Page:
Nostoc is common in fresh ponds. The large colonies found free floating as small circular balls. It may be attached to the submerged plants. Nostoc can be found in soils on moist rocks, at the bottom of lakes and springs (both fresh- and saltwater), and rarely in marine habitats. It may also grow symbiotically within the tissues of plants such as hornworts, providing nitrogen to its host through the action of terminally differentiated cells known as heterocysts. It may found as algal component of certain lichens.
Many twisted trichomes aggregate in a gelatinous matrix to form a bail-like globular or ellipsoidal colony which ranges from greenish to bluish-green in color. The colony is externally bounded by a tough, firm and pellicle-like membrane which provides a definite shape to the colony.
The cell is typical prokaryotic type. The cells are without any mitochondria, endoplasmic reticulum and Golgi bodies.
It has following demarcations:
The protoplast is surrounded by cell wall composed of cellulose
Plastids are absent. The pigments are found in the cytoplasm called as chromatoplasm. Cells are blue in color due to the presence of phycocyanine (a blue pigment), chlorophyll, carotene and phycoerythrnin.
A definite nucleus is absent and nuclear material is present as central body which lacks nucleolus.
Reserve food material
Reserve food is in the form of sugars and glycogens and proteinaceous material cyanophycin.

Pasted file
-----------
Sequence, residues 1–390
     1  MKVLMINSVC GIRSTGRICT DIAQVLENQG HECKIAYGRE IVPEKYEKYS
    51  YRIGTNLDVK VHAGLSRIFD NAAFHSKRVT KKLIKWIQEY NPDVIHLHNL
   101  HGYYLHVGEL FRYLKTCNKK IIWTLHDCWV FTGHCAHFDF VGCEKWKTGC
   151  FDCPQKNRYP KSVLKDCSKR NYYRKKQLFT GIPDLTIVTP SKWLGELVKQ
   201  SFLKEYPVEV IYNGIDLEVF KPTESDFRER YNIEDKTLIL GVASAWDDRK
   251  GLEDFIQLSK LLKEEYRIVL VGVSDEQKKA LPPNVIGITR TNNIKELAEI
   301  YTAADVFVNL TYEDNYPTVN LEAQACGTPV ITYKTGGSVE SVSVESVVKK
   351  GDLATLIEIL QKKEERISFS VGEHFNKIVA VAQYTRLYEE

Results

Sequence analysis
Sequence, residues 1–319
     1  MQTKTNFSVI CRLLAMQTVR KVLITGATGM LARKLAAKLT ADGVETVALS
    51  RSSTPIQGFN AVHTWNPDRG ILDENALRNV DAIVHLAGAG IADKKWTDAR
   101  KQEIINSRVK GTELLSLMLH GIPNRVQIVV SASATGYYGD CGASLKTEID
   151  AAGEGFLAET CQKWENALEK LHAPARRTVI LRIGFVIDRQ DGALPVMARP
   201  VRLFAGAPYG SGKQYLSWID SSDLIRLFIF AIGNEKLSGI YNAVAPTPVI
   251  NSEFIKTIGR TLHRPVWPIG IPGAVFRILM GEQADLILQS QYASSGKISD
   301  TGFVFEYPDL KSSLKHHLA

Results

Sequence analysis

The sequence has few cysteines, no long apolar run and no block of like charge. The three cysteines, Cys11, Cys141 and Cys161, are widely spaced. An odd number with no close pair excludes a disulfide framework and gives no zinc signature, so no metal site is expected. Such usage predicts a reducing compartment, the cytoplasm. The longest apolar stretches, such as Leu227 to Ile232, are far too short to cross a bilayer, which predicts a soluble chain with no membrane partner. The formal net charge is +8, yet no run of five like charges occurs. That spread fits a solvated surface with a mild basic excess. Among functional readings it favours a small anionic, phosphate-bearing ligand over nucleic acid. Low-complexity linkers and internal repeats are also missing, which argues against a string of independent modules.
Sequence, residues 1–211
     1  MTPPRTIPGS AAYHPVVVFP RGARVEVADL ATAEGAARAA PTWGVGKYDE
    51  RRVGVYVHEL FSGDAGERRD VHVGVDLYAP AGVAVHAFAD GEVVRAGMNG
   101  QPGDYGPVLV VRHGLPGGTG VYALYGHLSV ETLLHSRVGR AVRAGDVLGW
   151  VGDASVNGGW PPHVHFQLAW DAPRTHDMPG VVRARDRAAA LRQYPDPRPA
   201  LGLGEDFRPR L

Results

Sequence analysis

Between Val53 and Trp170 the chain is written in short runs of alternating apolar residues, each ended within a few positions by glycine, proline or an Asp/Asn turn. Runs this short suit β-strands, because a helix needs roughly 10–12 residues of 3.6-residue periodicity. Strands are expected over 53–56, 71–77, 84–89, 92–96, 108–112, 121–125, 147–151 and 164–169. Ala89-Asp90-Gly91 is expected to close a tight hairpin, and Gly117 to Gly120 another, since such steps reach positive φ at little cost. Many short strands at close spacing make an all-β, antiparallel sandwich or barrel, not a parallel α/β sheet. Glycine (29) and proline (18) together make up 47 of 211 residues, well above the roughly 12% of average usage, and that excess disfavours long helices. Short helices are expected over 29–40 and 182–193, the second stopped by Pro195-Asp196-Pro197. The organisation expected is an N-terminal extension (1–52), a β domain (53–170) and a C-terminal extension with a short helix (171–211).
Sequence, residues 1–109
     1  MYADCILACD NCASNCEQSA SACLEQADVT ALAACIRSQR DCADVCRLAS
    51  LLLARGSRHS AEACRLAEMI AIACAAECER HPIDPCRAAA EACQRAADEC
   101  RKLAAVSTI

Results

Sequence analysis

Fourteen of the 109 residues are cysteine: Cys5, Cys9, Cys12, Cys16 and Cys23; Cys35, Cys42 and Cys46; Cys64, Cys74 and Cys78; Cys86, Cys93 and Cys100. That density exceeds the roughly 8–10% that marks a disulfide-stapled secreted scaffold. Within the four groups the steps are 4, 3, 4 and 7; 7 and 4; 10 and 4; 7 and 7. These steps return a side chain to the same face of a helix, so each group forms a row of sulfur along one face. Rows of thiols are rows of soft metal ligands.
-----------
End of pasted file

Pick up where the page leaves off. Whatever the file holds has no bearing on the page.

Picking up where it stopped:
The usual methods of reproduction in Nostoc are vegetative and asexual reproduction. The sexual reproduction by union of gametes is absent. The reproduction usually takes place by the following methods in the Nostoc.
The colony breaks dawn into two or more fragments accidently or due to some physiological reason. Each fragment growes into a new colony.
This is the most common method of reproduction in Nostoc. The filament is broken down into a number of short-length pieces, the hormogonia due to development of heterocysts or by the death of ordinary vegetative cells. These hormogonia come out of the colony by piercing the colonial sheath. Each develops its own sheath and then aggregate to form a new colony
Akinetes or resting spores ate formed in many species of Nostoc. A vegetative cell enlarges, secretes a thick wall around it and stores quite a large amount of food in it to function as an akinete. The akinetes are usually present adjacent to the heterocysts singly or in chains. These help the plant to overcome unfavorable conditions. At the onset of favorable conditions the akjnetes re!ease their contents through a pore which germinate into a new filament
The akinetes which are resting spores are called as arthrospores.
In some species, e g. Nostoc microscopium and N. commune, heterocyst contents divide to produce endospores. These spores are released and develop into new filaments.